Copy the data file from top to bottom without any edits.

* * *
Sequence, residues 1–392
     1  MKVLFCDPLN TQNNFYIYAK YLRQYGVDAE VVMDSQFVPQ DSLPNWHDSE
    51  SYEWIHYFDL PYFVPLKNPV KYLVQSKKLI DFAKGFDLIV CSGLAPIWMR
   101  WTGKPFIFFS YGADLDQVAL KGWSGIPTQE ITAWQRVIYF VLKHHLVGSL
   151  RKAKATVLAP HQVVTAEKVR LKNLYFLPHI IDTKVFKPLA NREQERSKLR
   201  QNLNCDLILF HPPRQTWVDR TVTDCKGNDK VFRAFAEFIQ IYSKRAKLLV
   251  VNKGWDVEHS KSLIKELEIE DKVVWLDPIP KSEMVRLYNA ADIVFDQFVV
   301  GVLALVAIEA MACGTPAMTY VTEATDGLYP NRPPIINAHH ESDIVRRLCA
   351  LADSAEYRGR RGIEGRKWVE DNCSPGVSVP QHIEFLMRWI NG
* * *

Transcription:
Sequence, residues 1–392
     1  MKVLFCDPLN TQNNFYIYAK YLRQYGVDAE VVMDSQFVPQ DSLPNWHDSE
    51  SYEWIHYFDL PYFVPLKNPV KYLVQSKKLI DFAKGFDLIV CSGLAPIWMR
   101  WTGKPFIFFS YGADLDQVAL KGWSGIPTQE ITAWQRVIYF VLKHHLVGSL
   151  RKAKATVLAP HQVVTAEKVR LKNLYFLPHI IDTKVFKPLA NREQERSKLR
   201  QNLNCDLILF HPPRQTWVDR TVTDCKGNDK VFRAFAEFIQ IYSKRAKLLV
   251  VNKGWDVEHS KSLIKELEIE DKVVWLDPIP KSEMVRLYNA ADIVFDQFVV
   301  GVLALVAIEA MACGTPAMTY VTEATDGLYP NRPPIINAHH ESDIVRRLCA
   351  LADSAEYRGR RGIEGRKWVE DNCSPGVSVP QHIEFLMRWI NG